Steve Sweeney has conceded. What does that mean for South Jersey?

N.J. Senate President Steve Sweeney has conceded his reelection bid. It’s the end of an era for South Jersey, so what comes next?

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New Jersey Senate President Steve Sweeney speaks with members of the media during a news conference

File photo: Former New Jersey Senate President Steve Sweeney speaks with members of the media during a news conference in Trenton, N.J., Wednesday, Nov. 10, 2021. (AP Photo/Matt Rourke)

Now that New Jersey Senate President Steve Sweeney has admitted defeat in his re-election bid, South Jersey could see some changes ahead without the longtime state senator from Gloucester County in charge.

Sweeney, the second most powerful politician in the state and the longest serving senate president in New Jersey history, lost his seat to Republican newcomer Edward Durr.

The upset shocked the region, but political observers said there were signs a Republican wave was in the works. Still, the election felt different this time around.

“Democrats were uninspired by the very top of the ticket,” said Democratic Assemblyman John Burzichelli. It was a different mix of voters who showed up to the polls, compared to four years ago, he said. “Republicans and those who do not have a party affiliation, and in this case leaned Republican, came out in larger numbers than at previous elections.”

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Burzichelli entered the legislature with Sweeney in 2002, representing the 3rd legislative district, which covers parts of Cumberland, Gloucester, and Salem counties. At the time, Burzichelli was mayor of Paulsboro, while Sweeney was a Gloucester County Freeholder.

“We’ve known each other for a quarter of a century,” he said. “I’ve always thought that he’s positively the best friend I’ve ever had on a personal level and a person that I trust implicitly.”

Burzichelli, who ran on a slate with Sweeney, also lost his re-election bid. But he says South Jersey took a bigger hit from Sweeney’s loss.

“When people look back upon his service as the Senate President and see what this region gained, they will remember that Steve Sweeney came our way.”

A champion for South Jersey

Sweeney, an iron worker by trade, came out of the labor movement, according to Ben Dworkin, director of Rowan University’s Institute for Public Policy and Citizenship. It was a daughter with special needs that prompted him to get involved with politics.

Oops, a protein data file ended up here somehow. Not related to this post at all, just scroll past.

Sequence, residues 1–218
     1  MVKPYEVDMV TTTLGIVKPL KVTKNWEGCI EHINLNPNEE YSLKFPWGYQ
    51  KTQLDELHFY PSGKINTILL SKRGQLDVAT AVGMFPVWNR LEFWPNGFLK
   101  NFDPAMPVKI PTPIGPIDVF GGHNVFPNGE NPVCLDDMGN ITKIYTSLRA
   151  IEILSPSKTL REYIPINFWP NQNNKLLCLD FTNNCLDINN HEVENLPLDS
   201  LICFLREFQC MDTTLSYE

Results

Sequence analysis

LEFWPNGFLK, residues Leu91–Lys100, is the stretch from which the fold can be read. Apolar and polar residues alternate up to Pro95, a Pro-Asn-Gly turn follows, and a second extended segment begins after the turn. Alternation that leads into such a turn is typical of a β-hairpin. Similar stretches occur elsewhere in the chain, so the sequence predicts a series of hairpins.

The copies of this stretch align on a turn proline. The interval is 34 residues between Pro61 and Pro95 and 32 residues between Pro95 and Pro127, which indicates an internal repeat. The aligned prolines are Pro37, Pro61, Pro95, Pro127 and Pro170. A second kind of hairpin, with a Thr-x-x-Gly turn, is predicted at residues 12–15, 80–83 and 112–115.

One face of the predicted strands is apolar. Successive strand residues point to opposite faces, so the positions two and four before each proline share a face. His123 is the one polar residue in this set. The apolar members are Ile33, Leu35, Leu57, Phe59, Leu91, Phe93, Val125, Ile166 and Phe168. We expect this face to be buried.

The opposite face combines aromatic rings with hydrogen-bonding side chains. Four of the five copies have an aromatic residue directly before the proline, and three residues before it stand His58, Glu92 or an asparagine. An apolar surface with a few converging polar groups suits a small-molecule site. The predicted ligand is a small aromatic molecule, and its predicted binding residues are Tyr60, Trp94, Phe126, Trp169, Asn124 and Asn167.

He is also backed by the South Jersey Democratic Party machine, which formed three decades ago out of a desire to get the region a seat at the table.

“Those who live in the southern part of the state when advocating for resources, I’ve always felt a little shorthanded,” Dworkin said. “The South Jersey Democrats got together and said, ‘We’re not going to do this anymore.’” Those Democrats, with businessman George Norcross, were able to form a voting bloc to maximize leverage they had in the state budgeting process.

Sweeney was voted senate president by his colleagues in 2010. In that role, he was able to control which bills his chamber would consider. He frequently used that power to boost South Jersey, from the new wind port in Salem County that’s part of the state’s major renewable energy plan, to the continued expansion of Rowan University in Glassboro.

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“I may be biased, but let me suggest that the university’s growth to a 20,000 student institution from a place that was 10,000 students a decade ago could not have been done without state support for a leading school,” Dworkin said. “Steve Sweeney was critical in advocating for the university.”

Because Sweeney controls which bills come up for a vote, Dworkin said, he and his powerful Democratic Party backers wielded a lot of control.

“If it involves state legislation over the last 12 years, it involves Steve Sweeney,” he said.

Rage against the machine

However, not everyone in the Democratic tent sees Sweeney as a pragmatic politician who has gotten things done. To progressives, he has been an obstructionist.

“We could put together a multi-page list of the bills over the years that Sweeney and his allies have tried to thwart or watered down in the state legislature,” said Sue Altman, executive director of New Jersey Working Families.